I think I've come a long way in my appreciation for Sigur Rós. Sometime during high school, I came across a copy of Takk... available for loan in a public library. For all of the great things I'd heard about the Icelandic darlings, I was pretty quickly repulsed by the all-too precious tone and childlike vibe that seemed to have worked its way into every lilting moment of music on that album. I barely made it through a single listen before setting them down for good, passing Sigur Rós off as some sort of moody Alvin and the Chipmunks-type deal. Years (and some eye-opening experience with ( )) later, I've dived into Ágætis byrjun with a more enlightened set of ears. It's probably still too precious, too cutesy, and too childlike for my usual tastes, but the reasons why the album has earned such an honoured place with so many fans have not gone over my head. Ágætis byrjun skirt the uncommon boundary between rock and ambient music; the sweeping textures are vast and effective, and the songwriting underneath is most often inspired. I might still prefer the brooding atmosphere of ( ) over this, but the fact remains: Ágætis byrjun serves everything a listener could possibly want out of a Sigur Rós record.

Even relative to other post-rock, Ágætis byrjun feels incredibly ambient in the way Sigur Rós have arranged and realized it. Most post-rock bands (I'm thinking go-to staples like Godspeed and Explosions in the Sky) revel in this sort of soaring atmosphere, but there's almost always a sense of rock repertoire in the music. With Ágætis byrjun, I would hesitate to say there's even much in the way of guitar riffs. Most of the distinctive sound is brought in waves of texture, delivered by a guitar played with a bow- the sort of unconventional approach Led Zeppelin's Jimmy Page would take out during extended live solos as an intriguing novelty. With Ágætis byrjun especially, Sigur Rós have taken the potential of a bowed guitar to its natural conclusion. Beyond a doubt, it's the most innovative aspect Sigur Rós have in their arsenal. The bowed guitar flourishes are larger-than-life, but lack any sort of threatening edge or the grit of traditional riffs. In many cases, I'd cite non-threatening instrumentation as a bad thing. For Sigur Rós, they wear it as an asset. And it works.

As is often the case for the brighter side of ambient music, the atmosphere here is one of soaring. Cheery, hopeful, redemptive feelings are awash in the midst of the indistinct guitar textures, the light string sections and pleasantly dreamy atmospherics. It's interesting (though, for many, redundant) to note that singer Jonsi vocalizes in an invented language called Vonlenska (Hopelandic, for us anglophones). Relative to the surge of positive emotions on Ágætis byrjun, it's quite a thing that the so-called lyrics are about nothing at all. I may be digressing a bit, but it says something about the nature of music when such vivid mental images are conjured when listening to songs with no set or determined meanings. Moreover, at least from my own experience as a listener, it's quite rare to hear a band take such ambitious lengths to portraying the positive side of emotion. Very often, it's the darker feelings that evoke strong artistry. Is it because happiness is seen as unworthy or shallow in the eye of the artist? I'm not sure, but to date, there haven't been many albums I've heard that, at their best moments, convey the sort of positive warmth that Sigur Rós have evoked on Ágætis byrjun.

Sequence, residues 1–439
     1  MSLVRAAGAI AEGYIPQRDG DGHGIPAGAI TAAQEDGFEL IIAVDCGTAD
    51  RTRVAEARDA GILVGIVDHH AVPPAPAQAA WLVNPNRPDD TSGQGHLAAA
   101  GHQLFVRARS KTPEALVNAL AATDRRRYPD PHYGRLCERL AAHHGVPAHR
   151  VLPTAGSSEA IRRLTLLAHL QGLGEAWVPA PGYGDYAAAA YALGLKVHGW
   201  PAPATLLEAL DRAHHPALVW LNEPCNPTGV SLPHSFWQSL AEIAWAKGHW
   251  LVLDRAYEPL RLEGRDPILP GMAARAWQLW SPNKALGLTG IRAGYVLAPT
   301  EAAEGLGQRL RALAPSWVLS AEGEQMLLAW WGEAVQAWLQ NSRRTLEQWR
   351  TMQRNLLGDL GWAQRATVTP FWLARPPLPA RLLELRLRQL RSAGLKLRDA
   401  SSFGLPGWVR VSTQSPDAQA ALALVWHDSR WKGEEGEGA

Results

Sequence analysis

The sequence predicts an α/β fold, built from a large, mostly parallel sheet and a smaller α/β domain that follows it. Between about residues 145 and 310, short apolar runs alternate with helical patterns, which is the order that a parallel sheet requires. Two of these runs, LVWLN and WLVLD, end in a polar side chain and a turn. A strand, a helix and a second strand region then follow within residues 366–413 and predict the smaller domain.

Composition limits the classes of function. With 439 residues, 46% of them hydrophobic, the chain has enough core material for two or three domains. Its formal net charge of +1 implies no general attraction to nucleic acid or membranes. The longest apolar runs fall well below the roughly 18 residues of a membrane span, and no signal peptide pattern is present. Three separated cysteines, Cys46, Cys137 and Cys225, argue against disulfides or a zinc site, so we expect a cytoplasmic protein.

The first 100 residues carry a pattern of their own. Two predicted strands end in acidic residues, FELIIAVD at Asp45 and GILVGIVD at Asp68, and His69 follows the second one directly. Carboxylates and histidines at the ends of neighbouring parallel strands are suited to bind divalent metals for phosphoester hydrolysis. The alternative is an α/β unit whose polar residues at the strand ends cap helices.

It feels important, however, to stress that these grand feelings are drawn from moments, rather than Ágætis byrjun as a whole. There isn't filler here per se, but the album's distinctly ambient leaning can make the 70-odd minute length strain a listener's attention. For whatever reason, the album's latter act never really grips me, at least in the same way the first few tracks did. Is it because there is a true dip in quality? I don't think so. Most likely, it's because the magic of Sigur Rós' atmosphere begins to wear off when the somnolent ambiance is pushed past the hour mark. I don't think that's a failure as a listener either; added surprises (like the quaint woodwinds melody on "Olsen Olsen") would have served to alleviate he increasingly lackadaisical impression. Even so, there are songs here that would have sparked my attention no matter where they were on the album. "Starálfur" is an instantly lovely track, alight with piano and strings. "Olsen Olsen" is another nice one, with a similarly light and cheery feel to it. "Flugufrelsarinn" is not a world away from the rest of the album's general cheer and warmth, but compared to "Starálfur" before it, it has a more mysterious, even foreboding atmosphere to it. Sigur Rós are best with arrangement and texture, but they've proven themselves to be capable songwriters as well.